for the existence of a black hole.
A reanalysis of the different Infra-red and X-ray images
of the inner few light years of the galactic center, and the
motions of the stars observed by the ESO Telescopes at
near-infrared, form the basis of the results presented in
this letter. The Chandra X-ray images (Chandra website 2003), as well as the Infra-red images of the Galactic
Center (Max-Planck Galactic Center Group 2006) are
studied by using different image enhancement methods.
The result of the analysis reveals a new picture of what
may be happening at the galactic center, which is unknown before.
The X-ray images of the inner 2 light years (Fig.1)
show that the most intense x-ray emitting regions form a
spiral structure, and the major X-ray hot spots coincide
with the IRS clusters. The X-ray variability seen close to
IRS 16SW and IRS 21 could be due to the violent winds,
blowing from the massive young stars, that collide with
the dense surrounding medium. The spiral structure seen
in X-ray may be tracing the collisions of winds in denser
medium. The center of this spiral structure is close to
IRS 13. However, the most interesting observation of
this report is the existence of a micro-spiral structure of
a few light months in size (Fig.2). The center of this
micro-spiral lies about the midpoint between SgrA* and
the IRS 16SW. The SgrA*, which shows very little X-ray
features, remains encoiled inside the northern arm of the
micro-spiral, which coils inward like a vortex (Fig.2). A
spiral hierarchy, where a larger spiral (the so called minispiral of about 10 light years) embeds a smaller spiral (2
A. Rej
Fig. 2.— The region of approximately 3.5 x 4.5 light months
(dotted rectangle in fig 1) encompassing SgrA* and the central
mouth of the micro-spiral. The micro-spiral structure is obtained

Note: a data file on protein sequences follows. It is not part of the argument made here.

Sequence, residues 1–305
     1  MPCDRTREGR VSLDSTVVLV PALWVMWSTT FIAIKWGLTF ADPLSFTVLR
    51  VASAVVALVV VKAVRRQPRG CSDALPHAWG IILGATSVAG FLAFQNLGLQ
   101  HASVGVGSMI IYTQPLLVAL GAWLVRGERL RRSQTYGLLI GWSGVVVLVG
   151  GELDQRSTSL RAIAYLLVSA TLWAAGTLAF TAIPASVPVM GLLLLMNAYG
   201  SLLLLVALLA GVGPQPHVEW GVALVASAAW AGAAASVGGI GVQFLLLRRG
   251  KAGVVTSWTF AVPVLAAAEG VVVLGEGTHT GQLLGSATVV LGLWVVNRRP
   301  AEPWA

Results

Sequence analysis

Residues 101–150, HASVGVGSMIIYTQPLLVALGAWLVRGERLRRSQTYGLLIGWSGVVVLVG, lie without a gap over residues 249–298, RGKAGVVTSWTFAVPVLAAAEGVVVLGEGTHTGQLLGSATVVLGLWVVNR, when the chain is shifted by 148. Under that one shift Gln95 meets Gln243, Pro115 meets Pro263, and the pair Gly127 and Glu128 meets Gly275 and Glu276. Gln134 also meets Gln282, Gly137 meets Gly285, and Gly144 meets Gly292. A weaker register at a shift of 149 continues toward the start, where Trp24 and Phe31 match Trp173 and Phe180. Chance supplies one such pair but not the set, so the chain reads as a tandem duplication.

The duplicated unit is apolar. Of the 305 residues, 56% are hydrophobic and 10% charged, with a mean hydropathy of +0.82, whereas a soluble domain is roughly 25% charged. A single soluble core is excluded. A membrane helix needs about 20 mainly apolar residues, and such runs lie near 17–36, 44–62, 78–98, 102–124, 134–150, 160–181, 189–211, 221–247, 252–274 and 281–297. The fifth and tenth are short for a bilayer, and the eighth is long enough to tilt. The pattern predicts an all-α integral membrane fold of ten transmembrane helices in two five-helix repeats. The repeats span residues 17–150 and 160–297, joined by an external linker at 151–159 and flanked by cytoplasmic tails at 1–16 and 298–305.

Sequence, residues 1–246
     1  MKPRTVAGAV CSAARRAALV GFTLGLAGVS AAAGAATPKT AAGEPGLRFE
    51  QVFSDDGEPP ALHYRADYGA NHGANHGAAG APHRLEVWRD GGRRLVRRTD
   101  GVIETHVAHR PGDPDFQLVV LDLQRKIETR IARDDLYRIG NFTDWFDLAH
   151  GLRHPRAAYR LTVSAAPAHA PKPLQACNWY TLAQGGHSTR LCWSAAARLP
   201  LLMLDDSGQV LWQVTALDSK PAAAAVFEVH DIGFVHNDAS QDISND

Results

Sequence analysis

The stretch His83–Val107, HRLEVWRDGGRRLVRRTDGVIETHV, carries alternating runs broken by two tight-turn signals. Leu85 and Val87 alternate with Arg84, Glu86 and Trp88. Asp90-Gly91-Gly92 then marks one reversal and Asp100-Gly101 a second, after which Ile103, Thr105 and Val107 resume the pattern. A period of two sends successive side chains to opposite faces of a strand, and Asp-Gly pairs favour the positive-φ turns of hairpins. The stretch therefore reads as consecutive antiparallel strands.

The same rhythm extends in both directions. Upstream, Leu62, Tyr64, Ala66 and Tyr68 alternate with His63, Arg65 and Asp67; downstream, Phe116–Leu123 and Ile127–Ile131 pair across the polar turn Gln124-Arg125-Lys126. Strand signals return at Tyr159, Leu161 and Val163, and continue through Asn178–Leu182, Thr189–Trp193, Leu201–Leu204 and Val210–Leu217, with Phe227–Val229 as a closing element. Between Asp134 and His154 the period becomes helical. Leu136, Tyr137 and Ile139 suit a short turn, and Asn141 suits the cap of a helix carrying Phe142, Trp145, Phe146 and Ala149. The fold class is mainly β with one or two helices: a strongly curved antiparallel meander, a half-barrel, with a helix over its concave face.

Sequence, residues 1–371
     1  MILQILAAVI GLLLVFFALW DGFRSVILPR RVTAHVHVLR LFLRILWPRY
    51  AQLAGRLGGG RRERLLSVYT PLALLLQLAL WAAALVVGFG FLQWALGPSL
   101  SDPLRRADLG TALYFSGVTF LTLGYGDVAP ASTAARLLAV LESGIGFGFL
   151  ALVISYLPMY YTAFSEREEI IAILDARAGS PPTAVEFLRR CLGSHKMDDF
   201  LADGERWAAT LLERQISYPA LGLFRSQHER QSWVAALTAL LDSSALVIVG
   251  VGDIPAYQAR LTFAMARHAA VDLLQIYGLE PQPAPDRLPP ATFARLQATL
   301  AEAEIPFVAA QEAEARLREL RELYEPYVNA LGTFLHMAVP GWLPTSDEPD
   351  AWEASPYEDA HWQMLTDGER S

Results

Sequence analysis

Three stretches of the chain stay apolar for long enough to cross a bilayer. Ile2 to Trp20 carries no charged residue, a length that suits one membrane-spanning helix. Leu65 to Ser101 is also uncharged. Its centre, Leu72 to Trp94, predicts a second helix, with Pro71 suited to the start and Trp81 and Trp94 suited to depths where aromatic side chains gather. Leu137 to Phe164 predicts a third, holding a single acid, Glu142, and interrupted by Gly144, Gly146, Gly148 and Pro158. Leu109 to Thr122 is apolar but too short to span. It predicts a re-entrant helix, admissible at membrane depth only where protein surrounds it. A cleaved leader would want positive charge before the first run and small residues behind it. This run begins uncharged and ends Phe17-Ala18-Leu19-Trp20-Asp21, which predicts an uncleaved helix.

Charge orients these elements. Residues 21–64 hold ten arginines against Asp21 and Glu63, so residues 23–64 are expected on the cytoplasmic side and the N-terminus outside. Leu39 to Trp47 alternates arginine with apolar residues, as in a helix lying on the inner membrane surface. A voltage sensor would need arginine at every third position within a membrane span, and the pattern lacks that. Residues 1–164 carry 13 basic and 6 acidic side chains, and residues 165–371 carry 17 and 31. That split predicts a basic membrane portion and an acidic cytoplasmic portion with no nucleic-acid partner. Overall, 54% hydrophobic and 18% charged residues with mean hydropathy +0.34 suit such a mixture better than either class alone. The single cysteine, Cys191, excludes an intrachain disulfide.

by image processing different infrared images, and overlaying the
enhanced images over each other. Several image enhancement and
filtering techniques, together with the ways to avoid loosing resolution as one magnifies the images, which are available with several
graphic software have been used to extract deeper information from
the digital data. The radio source SgrA* lies encoiled inside the
Northern arm of this micro-spiral.
light years) at its heart, which in turn embeds an even
smaller spiral (light months), seem to exist in the galactic
center.
Among the O/B stars moving close to SgrA* only S2
has been seen to complete two-third of its Keplerian orbit
around SgrA* (Schödel et al. 2002). The Keplerian orbits of the other stars are more a matter of guess. Apart
from S2, the star S12 is observed to be clearly deflected
by SgrA* as one would expect from an orbiting object
in its perihelion passage. At best three stars are accelerated as they come close to SgrA*, while several other
stars move towards the center of the micro-spiral (Fig.3).
The paths followed by the stars falling in the mouth of
the micro-spiral could be zigzag, or helical. While a few
stars spiral inside the micro-spiral center, some appear
to be ejected from it. The IRS 16SW forms a bridge
between the IRS 16 complex and the center of the microspiral, where several spring like helical structures can be
observed. In fact, the co-moving group of stars, of which
IRS 16SW is a member, itself could be a part of a spiral
formation (Fig.1). One arm of this spiral is connected to